[08:09] I see people pushing off their software releases because they are afraid of what people are going to think of their software. They always say, “I want to get it right. I want it to be perfect.” And you know what? It’s not going to be perfect. So you kind of have to get over that.
[08:24] Honestly, some people probably have a fear of launching a product. “What do I do when those support calls come in? What do I do when a customer is irritated that this bug crashed and they lost all this data?” You know what? Those things can happen. I mean nobody is perfect. That stuff is going to happen sooner or later.
[08:38] And the only thing that you can do is deal with it head on, accept that you made a mistake, and move on. If you sit there and try and live in the past or the future, you are not going to get anywhere. You can’t sit there and just worry all the time about what happens if this?
[08:55] Well, you know what? Why are you thinking about that now? Why don’t you continue living your life, moving on, doing your development, get past your launch, and then if that happens, then you worry about it.
[09:05] And I think maybe there is a difference between doing that versus if you have critical bugs in your software that you know is going to cause somebody’s machine to crash and burn, yeah, you have to fix those before launch. But you can’t just let the fear of having bugs in your code or the fear or people running into problems with your code take that as a reflection upon you, because it is not a reflection on you. Everybody is human. Everybody makes mistakes. And when you create bugs in your software, those are mistakes, and they’ve got to be fixed.
[09:32] And getting over those fears is just a matter of accepting that that is going to happen. And you can fix those bugs, you can move on, and version 2 is going to better than version 1.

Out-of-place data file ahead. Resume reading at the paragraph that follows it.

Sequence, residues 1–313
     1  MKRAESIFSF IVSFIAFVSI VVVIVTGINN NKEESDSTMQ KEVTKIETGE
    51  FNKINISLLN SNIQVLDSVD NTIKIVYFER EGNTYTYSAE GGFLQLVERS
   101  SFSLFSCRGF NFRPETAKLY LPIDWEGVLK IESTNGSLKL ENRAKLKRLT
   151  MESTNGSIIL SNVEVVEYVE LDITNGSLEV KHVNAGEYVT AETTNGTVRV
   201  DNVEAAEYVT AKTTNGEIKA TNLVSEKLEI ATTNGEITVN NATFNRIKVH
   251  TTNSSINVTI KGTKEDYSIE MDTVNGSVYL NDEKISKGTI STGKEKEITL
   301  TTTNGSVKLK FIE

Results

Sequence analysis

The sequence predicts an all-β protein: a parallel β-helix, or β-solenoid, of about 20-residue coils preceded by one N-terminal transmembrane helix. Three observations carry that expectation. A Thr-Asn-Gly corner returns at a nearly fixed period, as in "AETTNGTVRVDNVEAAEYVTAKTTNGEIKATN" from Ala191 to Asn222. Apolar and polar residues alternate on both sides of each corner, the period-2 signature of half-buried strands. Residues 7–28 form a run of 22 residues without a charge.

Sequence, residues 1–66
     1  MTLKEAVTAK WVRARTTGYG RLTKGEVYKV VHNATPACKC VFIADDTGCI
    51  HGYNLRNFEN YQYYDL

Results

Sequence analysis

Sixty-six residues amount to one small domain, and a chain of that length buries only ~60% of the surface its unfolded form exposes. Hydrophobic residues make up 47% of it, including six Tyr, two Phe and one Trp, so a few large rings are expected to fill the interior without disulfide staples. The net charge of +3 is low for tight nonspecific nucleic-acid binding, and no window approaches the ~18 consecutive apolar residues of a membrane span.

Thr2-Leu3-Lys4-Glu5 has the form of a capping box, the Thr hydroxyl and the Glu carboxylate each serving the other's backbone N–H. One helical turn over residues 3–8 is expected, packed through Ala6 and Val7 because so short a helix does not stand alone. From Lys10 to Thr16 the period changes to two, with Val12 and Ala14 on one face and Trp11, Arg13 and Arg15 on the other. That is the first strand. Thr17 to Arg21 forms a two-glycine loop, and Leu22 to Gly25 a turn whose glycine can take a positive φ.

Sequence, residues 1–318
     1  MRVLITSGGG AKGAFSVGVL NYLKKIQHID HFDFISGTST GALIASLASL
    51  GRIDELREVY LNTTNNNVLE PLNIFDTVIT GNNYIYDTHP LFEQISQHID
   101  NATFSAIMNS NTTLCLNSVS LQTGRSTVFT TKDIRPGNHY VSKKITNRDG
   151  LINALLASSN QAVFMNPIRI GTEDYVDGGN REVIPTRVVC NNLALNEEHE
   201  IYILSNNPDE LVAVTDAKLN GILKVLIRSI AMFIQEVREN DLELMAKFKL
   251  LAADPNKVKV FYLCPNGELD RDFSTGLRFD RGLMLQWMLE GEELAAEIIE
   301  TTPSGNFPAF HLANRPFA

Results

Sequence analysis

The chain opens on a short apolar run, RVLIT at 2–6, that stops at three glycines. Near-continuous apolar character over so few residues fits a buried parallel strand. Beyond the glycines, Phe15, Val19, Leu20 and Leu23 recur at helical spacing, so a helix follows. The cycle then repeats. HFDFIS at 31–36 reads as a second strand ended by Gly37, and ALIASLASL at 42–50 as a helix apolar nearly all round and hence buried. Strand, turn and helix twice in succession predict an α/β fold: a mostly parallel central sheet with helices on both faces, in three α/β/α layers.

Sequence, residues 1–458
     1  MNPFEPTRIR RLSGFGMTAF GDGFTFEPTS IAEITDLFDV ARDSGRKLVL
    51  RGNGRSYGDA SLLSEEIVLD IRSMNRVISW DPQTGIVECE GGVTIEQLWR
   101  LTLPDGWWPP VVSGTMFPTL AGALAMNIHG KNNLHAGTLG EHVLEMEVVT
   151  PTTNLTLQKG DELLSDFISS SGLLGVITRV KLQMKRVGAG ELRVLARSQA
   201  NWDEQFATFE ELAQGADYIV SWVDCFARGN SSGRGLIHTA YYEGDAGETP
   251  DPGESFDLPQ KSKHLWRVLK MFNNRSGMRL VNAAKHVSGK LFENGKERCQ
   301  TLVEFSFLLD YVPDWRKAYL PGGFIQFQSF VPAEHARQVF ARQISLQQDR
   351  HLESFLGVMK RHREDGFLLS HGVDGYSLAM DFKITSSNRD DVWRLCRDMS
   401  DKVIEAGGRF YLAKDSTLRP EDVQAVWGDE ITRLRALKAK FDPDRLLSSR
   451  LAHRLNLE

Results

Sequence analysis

[09:40] Rob: Yeah, I think the two things that I think about when encountering fear like this is that A, the first time you do anything, you are going to be scared. Like the first time you published a single blog post, you are going to be scared. I was the first time I did it, the first time I published an essay and a bunch of people read it and people started ragging on it. I had anxiety about this. I mean this is just natural. The first time you record a podcast you’re going to have anxiety. The first time you speak at a user group, the first time you speak at a conference.
[10:09] Any time you do something publicly, you are going to have some type of fear. There’s some natural inclination in all of us that we feel like we’re going to be judged by everyone. And whether it’s realistic or not, knowing that the first time you do something you are going to feel this anxiety and this fear is, I think, really helpful. Because then you can identify it very quickly and say, “Oh, this is that feeling again. It’s that same old thing that comes very naturally. And I shouldn’t be scared of it, and I shouldn’t let it talk me out of doing this thing.”
[10:38] I’ve actually started following that fear. And this is a little bit like Seth Goden with “Linchpin” where he kept saying the lizard brain is this negative talk. And if you go towards the lizard brain when the lizard brain talks to you and says “Don’t do this thing,” you’re typically stretching yourself and you’re actually doing something good. You’re actually moving in a direction that will grow who you are.
[10:56] And the second thing is that, I think as software developers most of us have this natural anxiety of wanting to be perfectionists. I was talking to a developer today and he said, “Yeah. I want my software to be perfect. I know it’s not going to be, but what if I launch it and there’s a bunch of bugs in it?”
[11:12] There’s two different types of people, right? There are the people who don’t care enough, and those people don’t tend to be really good software developers. They don’t tend to want to launch a software product. The ones who are doing this tend to be more of the perfectionists; tend to be more of the people who are stressing out about it. And that’s us.
[11:29] We have this anxiety that actually provides productivity. If you’ve ever heard of the Yerkes Dodson Curve, it’s a psychology theory that anxiety helps you, to a point, helps you be productive. And if you’re not anxious at all about a deadline, it’s very likely you’re going to miss that deadline, and that you’re not going to be productive.
[11:46] And so anxiety, which translates to fear, is actually a good thing to a certain extent. And it actually will make you perform better and do more work quicker, be more productive.